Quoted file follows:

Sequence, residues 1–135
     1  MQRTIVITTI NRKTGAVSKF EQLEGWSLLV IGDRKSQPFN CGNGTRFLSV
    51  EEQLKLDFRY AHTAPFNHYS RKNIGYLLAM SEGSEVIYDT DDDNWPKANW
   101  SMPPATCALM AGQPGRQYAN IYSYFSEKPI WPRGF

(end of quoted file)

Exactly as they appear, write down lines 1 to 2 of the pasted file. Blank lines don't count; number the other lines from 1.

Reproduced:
Sequence, residues 1–135
     1  MQRTIVITTI NRKTGAVSKF EQLEGWSLLV IGDRKSQPFN CGNGTRFLSV